Other super cheap souvenirs include stamps, coins, and newspapers - even if you don’t speak the language it’s a cool way to wrap your gifts. And if you want to learn the language, newspapers are a terrific place to start.

Gifts from nature work too. I once gave someone polished stones I found along a beach that I had brought home and put in a glass jar. Dried flowers, seashells, and plants seeds are other good examples.

Pass the Food
Remember - everyones like food. And food is everywhere.

Bring back your girlfriend chocolates from Belgium, or your mom dried pasta from Italy. When I went to Colombia I made sure I brought back my highly caffeinated Dad some good Colombian coffee beans. Teas and spices work too, and they’re cheap and easy to pack.

Bringing It Back
Leave some empty room in your suitcase while you’re initially packing; remember, bags are weighed coming back too, so if you’re over the limit you could be looking at some hefty fees. Another idea is to pack an empty suitcase or duffel bag inside your luggage to later remove and fill with souvenirs.

However, if you want to stick to your backpack and plan to travel on for a while, ship your souvenirs back. It might even be cheaper than checking another bag.

Also referred to as the Paddington Bazaar, this weekly market features over 200 stalls of high quality, Australian-made goods. Arguably the best in the city, this vibrant churchyard market is a great way to kick off your Saturday in Sydney.

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In the courtyard of the market you’ll find the emerging designers section where you can find distinctly New Age and high fashion clothing items. All around the market are stalls with unique clothing and accessories, ranging from avant-garde to vintage.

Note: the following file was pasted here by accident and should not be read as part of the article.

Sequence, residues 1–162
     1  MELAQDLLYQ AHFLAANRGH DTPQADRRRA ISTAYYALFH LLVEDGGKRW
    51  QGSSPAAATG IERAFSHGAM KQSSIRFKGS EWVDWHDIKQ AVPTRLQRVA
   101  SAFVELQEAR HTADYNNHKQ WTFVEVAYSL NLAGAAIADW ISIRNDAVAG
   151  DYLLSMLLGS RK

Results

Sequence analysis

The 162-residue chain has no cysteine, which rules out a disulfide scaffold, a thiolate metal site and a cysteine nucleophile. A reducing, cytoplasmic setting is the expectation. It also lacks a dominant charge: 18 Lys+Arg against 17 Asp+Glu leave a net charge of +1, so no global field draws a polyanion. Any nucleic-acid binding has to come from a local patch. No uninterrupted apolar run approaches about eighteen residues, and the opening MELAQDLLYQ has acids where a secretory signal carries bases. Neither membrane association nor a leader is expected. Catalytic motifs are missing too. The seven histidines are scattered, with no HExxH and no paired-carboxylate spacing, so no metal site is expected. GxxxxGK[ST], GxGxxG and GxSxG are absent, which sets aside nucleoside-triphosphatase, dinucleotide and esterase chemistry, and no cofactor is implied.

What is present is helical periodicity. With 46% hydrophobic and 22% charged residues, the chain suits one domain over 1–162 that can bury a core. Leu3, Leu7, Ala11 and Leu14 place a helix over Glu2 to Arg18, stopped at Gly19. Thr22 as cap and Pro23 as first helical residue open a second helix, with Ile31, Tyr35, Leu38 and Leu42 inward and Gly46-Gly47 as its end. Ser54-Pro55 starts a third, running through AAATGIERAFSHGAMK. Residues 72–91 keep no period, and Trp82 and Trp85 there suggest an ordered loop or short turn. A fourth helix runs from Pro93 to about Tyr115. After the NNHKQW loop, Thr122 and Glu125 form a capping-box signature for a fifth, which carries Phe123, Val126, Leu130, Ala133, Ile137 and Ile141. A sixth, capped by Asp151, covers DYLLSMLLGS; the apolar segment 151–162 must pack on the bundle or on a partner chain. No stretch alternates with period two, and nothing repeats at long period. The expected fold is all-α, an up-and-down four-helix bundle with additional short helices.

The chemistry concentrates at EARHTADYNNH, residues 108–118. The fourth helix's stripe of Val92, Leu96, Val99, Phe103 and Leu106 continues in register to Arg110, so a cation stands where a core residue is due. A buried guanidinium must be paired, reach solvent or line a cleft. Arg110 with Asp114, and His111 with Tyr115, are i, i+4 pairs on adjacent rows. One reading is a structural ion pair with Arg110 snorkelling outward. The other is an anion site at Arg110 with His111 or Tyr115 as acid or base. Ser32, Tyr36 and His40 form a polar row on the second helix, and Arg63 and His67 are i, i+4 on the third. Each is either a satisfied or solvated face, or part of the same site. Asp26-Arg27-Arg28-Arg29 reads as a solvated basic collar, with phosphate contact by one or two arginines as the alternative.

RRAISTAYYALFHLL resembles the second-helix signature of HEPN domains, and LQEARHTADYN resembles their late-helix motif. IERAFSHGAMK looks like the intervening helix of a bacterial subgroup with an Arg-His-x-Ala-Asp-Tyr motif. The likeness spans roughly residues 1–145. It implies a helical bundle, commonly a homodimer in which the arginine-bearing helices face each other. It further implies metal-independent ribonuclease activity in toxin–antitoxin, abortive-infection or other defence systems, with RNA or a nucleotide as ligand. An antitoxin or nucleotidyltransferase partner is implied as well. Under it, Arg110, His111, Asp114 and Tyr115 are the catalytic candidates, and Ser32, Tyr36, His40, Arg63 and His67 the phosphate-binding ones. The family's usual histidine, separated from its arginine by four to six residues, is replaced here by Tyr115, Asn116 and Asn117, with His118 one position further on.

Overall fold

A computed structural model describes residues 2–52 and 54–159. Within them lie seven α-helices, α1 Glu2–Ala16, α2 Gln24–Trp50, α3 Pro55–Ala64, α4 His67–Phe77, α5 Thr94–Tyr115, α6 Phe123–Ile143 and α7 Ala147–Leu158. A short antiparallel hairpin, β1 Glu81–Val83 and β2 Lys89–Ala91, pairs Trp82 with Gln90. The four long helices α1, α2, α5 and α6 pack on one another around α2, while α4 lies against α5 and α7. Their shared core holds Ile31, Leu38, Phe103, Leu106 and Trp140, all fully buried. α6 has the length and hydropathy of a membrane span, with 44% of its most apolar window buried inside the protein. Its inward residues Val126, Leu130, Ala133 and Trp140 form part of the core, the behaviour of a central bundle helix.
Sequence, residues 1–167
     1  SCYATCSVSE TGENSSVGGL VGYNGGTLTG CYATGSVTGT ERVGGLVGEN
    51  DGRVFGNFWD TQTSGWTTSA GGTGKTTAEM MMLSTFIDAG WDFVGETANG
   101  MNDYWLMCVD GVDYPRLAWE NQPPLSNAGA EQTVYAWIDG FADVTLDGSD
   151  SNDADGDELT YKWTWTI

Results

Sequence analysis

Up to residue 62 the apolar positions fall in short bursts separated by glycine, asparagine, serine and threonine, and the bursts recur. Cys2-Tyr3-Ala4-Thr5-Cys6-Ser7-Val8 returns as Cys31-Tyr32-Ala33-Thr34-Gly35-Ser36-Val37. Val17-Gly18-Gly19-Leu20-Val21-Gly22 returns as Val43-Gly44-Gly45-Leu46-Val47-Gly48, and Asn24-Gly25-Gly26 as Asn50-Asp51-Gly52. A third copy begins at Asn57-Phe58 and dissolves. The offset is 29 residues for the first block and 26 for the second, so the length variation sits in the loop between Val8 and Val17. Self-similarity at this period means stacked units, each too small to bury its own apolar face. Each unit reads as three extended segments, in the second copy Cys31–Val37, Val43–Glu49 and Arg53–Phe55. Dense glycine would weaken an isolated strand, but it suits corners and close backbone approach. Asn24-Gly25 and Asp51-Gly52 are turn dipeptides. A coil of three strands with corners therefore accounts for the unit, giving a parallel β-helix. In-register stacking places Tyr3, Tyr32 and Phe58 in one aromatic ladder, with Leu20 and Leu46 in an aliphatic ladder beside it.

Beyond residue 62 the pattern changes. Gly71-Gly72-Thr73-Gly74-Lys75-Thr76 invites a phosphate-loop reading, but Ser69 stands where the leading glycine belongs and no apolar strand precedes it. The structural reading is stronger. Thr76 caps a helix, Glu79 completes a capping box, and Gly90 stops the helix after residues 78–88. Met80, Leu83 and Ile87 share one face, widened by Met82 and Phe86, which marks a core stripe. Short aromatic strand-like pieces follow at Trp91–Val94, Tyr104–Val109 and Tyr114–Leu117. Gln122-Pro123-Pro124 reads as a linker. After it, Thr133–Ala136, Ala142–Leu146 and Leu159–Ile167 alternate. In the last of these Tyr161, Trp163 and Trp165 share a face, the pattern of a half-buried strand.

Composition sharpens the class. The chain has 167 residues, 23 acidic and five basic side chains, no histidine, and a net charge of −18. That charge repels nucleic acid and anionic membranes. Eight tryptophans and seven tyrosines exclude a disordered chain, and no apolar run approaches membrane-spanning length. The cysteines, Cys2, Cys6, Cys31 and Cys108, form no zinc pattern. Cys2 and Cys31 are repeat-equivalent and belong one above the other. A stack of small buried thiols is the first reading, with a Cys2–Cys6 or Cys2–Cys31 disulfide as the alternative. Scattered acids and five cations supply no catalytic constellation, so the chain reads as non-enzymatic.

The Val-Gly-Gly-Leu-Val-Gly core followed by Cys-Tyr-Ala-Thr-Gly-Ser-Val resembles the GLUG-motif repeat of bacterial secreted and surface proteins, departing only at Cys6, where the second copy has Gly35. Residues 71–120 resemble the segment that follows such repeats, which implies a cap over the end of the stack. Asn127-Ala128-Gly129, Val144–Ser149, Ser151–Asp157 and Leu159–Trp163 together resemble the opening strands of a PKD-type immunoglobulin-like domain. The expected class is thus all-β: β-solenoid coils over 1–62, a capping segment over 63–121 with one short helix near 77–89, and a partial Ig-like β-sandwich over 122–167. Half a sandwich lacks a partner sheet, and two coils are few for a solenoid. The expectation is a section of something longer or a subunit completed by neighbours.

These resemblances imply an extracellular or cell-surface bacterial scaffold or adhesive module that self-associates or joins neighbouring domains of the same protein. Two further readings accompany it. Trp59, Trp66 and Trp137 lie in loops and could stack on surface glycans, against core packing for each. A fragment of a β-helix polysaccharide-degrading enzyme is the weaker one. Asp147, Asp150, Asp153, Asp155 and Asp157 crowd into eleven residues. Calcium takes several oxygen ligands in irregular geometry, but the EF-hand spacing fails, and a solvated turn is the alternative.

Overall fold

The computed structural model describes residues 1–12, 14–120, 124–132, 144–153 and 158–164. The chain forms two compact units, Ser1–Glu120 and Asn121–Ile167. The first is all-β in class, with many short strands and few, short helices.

Within the market you can also find fresh flowers, baked goods, and other local, hand-made artisan goods and crafts. This is a top-notch market where most of the wares are of high quality as the different vendors are in friendly competition with one another. 
List of Stall Holders

The vibe here is fabulous and chic and you’re bound to pick up some gifts or a souvenir for your trip from the hodgepodge of cool items for sale.

Paddington Market Website

Saturdays only, 10am-4pm. Rain or Shine 

Address: St. John’s Uniting Church, 395 Oxford St., Paddington, Sydney 
Tel: +61 2 9331 2923

If you don't quite parle français or sprechen die deutsche, then odds are, you've had an awkward moment abroad. Maybe a cabbie didn't quite understand your directions, or perhaps a waiter brought out the wrong dish. One time I accidentally told a foreign dignitary that his earmuffs smelled of chutney. Messy business.

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The point is, there’s a way to avoid that kind of embarrassment. Nyrius makes a few different global translators, but for my money, the 12-Language LT12 packs the most bang for your buck. It’s got over 8400 key phrases that’ll not only display on its screen, but it’ll actually speak them aloud for you. So if you’re the kind of person who doesn’t do well with foreign tongues, you’re covered.

Covering a wide range of discussion topics, from emergencies to shopping to immigration to street directions, at a mere $39.99, it’s hard to go wrong with the Nyrius LT12. Pick it up today at Amazon.